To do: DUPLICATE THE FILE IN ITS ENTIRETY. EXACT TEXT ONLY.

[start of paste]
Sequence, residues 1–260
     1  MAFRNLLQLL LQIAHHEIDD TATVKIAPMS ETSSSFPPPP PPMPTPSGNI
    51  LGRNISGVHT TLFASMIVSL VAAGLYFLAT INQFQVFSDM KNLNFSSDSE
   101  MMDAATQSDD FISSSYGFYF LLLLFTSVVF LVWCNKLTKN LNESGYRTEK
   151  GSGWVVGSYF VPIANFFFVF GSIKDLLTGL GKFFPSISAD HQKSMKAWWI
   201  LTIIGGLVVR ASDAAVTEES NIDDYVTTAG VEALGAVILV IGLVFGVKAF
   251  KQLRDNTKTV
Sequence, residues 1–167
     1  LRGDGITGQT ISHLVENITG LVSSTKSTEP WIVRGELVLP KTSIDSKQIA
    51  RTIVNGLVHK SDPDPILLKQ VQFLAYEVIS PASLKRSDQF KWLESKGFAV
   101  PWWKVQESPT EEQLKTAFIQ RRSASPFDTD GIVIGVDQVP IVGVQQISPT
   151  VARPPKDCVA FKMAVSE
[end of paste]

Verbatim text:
Sequence, residues 1–260
     1  MAFRNLLQLL LQIAHHEIDD TATVKIAPMS ETSSSFPPPP PPMPTPSGNI
    51  LGRNISGVHT TLFASMIVSL VAAGLYFLAT INQFQVFSDM KNLNFSSDSE
   101  MMDAATQSDD FISSSYGFYF LLLLFTSVVF LVWCNKLTKN LNESGYRTEK
   151  GSGWVVGSYF VPIANFFFVF GSIKDLLTGL GKFFPSISAD HQKSMKAWWI
   201  LTIIGGLVVR ASDAAVTEES NIDDYVTTAG VEALGAVILV IGLVFGVKAF
   251  KQLRDNTKTV
Sequence, residues 1–167
     1  LRGDGITGQT ISHLVENITG LVSSTKSTEP WIVRGELVLP KTSIDSKQIA
    51  RTIVNGLVHK SDPDPILLKQ VQFLAYEVIS PASLKRSDQF KWLESKGFAV
   101  PWWKVQESPT EEQLKTAFIQ RRSASPFDTD GIVIGVDQVP IVGVQQISPT
   151  VARPPKDCVA FKMAVSE